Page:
I’s interesting noticing how much food that can be grown regionally plays a part in people’s meals. Some families eat mainly grains, others eat a lot of fruit. The families above seem to consume very little packaged food, in comparison to the average American family. To see more photos click here. What would a photo of your family’s weekly groceries look like?
Behind the Design Wednesdays: Every week Tea writes about our designers’ inspiration for our current collection of clothing. For more Behind the Designs click here.
Amate bark paper-making is a Mexican craft that started in pre-hispanic Mexico. The craft risked being replaced entirely by more modern European paper production. When amate paper started getting attention from scholars, the Otami saw the opportunity to revive the craft. They began selling the paper in Mexico city where the Nahua poeple started a “new indigenous craft” by creating paintings with the paper. Nahua paintings (above) are now one of the most popular crafts from Mexico.
images from Montgomery schools, Mexican Art Dealing
This season we are all about outfitting! More than ever before, our Mexico-inspired line of clothing is about mixing and matching, layering, and accessorizing. This concept is great for back to school. In August the weather may still be warm, so short-sleeved shirts and dresses are in demand. As fall sets in and the weather gets cooler, layering a long-sleeve tee underneath short-sleeve items adds a layer of warmth. And as winter approaches throw on some thick cotton leggings, legwarmers, and a hat and you’ve got an outfit that is good for playing regardless of the weather.
And what better way to demonstrate this than through our customers? We’ve asked a few of our blogger friends to showcase our Back to School Fall 2011 collection, and highlight their favorite outfits. Over the next few weeks we’ll be featuring a few of these posts on Studio T.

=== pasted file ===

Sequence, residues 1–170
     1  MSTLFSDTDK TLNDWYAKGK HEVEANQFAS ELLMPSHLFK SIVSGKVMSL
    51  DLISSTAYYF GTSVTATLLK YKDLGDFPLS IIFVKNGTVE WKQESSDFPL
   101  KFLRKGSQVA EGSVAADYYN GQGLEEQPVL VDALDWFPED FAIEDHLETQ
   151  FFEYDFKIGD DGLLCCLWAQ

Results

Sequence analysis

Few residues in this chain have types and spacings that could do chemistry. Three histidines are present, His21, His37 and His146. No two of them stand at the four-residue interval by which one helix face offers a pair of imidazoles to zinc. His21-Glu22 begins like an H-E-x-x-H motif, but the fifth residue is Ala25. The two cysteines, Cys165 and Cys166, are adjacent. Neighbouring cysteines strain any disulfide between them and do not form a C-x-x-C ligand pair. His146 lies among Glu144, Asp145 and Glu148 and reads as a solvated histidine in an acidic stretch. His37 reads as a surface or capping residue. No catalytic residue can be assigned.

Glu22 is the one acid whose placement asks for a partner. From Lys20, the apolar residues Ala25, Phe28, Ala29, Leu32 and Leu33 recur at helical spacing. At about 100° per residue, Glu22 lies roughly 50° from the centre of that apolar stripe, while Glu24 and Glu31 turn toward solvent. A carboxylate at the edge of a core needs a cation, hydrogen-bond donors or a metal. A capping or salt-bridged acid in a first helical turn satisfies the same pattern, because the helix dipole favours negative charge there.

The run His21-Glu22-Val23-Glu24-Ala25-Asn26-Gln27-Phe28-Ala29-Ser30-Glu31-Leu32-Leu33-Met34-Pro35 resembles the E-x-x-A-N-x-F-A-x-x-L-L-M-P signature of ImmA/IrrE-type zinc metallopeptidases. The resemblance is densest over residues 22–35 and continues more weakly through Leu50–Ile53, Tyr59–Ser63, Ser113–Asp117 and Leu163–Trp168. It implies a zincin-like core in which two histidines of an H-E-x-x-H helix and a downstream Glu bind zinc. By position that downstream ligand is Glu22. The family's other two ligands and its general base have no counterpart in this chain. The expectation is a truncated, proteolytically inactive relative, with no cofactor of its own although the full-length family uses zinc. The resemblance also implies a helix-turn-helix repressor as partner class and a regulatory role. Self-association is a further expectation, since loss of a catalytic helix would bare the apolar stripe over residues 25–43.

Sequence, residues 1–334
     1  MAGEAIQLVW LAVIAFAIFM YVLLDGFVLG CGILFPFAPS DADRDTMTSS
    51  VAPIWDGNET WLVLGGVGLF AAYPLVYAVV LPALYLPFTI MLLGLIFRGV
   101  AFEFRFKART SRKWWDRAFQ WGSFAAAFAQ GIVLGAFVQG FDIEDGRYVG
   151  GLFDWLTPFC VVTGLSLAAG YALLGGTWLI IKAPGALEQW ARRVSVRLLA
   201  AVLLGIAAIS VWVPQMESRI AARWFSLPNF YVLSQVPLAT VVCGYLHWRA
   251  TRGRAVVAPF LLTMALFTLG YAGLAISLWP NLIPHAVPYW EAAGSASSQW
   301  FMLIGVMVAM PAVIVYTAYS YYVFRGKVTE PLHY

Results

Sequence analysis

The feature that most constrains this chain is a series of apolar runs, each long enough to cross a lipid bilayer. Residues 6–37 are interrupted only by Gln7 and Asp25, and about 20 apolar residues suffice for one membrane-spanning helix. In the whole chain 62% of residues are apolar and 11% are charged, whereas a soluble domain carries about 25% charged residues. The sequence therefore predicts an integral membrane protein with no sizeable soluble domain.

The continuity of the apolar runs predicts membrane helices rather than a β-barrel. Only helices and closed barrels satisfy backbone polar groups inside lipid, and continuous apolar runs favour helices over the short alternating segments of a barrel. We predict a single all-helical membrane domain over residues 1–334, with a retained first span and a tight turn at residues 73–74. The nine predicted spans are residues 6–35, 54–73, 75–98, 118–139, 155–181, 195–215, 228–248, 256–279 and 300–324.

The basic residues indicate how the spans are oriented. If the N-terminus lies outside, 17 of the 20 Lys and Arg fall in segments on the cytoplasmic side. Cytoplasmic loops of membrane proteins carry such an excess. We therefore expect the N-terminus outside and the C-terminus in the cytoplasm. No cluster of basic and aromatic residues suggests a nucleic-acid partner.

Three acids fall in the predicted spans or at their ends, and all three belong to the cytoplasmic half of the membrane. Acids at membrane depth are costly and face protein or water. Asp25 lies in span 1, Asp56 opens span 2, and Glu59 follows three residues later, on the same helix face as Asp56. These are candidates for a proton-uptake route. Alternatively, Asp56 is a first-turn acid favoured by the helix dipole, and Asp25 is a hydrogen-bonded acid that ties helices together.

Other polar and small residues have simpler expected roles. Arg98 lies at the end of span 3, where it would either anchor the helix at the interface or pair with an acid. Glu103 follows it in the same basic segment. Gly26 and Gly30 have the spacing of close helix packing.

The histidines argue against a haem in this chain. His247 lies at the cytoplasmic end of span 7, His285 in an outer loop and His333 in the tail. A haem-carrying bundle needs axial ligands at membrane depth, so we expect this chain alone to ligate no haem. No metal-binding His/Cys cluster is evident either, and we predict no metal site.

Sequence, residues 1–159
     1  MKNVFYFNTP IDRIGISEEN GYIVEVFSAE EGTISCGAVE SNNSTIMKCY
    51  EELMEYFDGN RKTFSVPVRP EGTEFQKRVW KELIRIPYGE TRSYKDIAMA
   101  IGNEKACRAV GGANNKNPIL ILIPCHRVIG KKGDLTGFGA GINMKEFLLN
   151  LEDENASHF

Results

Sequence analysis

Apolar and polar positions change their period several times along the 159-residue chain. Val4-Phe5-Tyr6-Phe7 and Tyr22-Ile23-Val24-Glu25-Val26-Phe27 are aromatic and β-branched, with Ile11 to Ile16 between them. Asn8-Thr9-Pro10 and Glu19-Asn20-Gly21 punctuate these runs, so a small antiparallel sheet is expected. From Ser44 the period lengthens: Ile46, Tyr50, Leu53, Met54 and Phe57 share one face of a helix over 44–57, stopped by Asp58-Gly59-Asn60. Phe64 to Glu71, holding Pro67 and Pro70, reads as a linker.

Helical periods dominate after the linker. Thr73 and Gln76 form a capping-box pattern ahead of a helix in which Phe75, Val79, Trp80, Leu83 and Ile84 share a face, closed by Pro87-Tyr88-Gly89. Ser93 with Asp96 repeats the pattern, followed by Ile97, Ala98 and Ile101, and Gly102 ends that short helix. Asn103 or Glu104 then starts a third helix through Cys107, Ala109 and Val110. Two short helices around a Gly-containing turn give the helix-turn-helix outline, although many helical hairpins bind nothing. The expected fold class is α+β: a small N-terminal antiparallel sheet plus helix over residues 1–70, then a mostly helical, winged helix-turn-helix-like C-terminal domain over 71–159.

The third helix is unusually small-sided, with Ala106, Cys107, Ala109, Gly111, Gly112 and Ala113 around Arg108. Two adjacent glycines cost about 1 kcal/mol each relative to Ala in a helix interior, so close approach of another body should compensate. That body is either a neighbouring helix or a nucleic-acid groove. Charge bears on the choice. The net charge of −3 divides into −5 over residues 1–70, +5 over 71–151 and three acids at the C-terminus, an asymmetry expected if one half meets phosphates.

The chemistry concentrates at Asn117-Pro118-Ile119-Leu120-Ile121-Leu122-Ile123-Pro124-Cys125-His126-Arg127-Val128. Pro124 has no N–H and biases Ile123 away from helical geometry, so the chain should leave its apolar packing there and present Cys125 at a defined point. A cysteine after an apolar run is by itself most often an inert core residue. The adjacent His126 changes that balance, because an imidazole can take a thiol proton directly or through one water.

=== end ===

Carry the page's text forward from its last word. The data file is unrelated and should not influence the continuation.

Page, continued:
The first blogger we talked to about this was Amy Turner of Mom Central. Her 3 year-old daughter Brooke is just starting to assert herself in regards to fashion, and has some pretty strong opinions about how she’d like to dress herself. In Amy’s words “She insists on picking out her own clothes and getting dressed all by herself, even if that means stripes matching up with polka dots and pink matching up with orange. And what gets me is her determination and strong voice. When I gently suggest a different option that may match better, she insists what she’s picked out is perfect and dismisses my opinion. Who can argue with that passion for flair?” Luckily with Tea Amy and Brooke were able to come to a happy medium – everything is made to mix and match, so there’s no clashing of colors and patterns. And hopefully those future conversations about clothes can be on hold until Brooke’s a teenager…
Christian Cota is a Mexican fashion designer and up and coming star in the fashion world. Born in Mexico City, Cota studied painting in Paris, before moving to New York to study fashion at Parsons.
Cota’s aesthetic often references nature, and many are calling his Fall 2011 line “haute hiking”. Inspired by seventies rock climbers, Alpine ski trips, and traditional Tibetan garb, Cota’s recent collection is constructed of earthy tones, thick furs, and loosely draped linens. About his new line, Cota tells a story: “A couple years ago I went to Mount Etna in Sicily. The temperature is so extreme at the top of the volcano and there’s a real spiritual aspect to dressing”.
To contrast with his earthy colors and to complement his spiritual Himalayan theme, Costa also introduced bright reds into his latest collection:
To see more of his collection, check out Christian Cota’s website.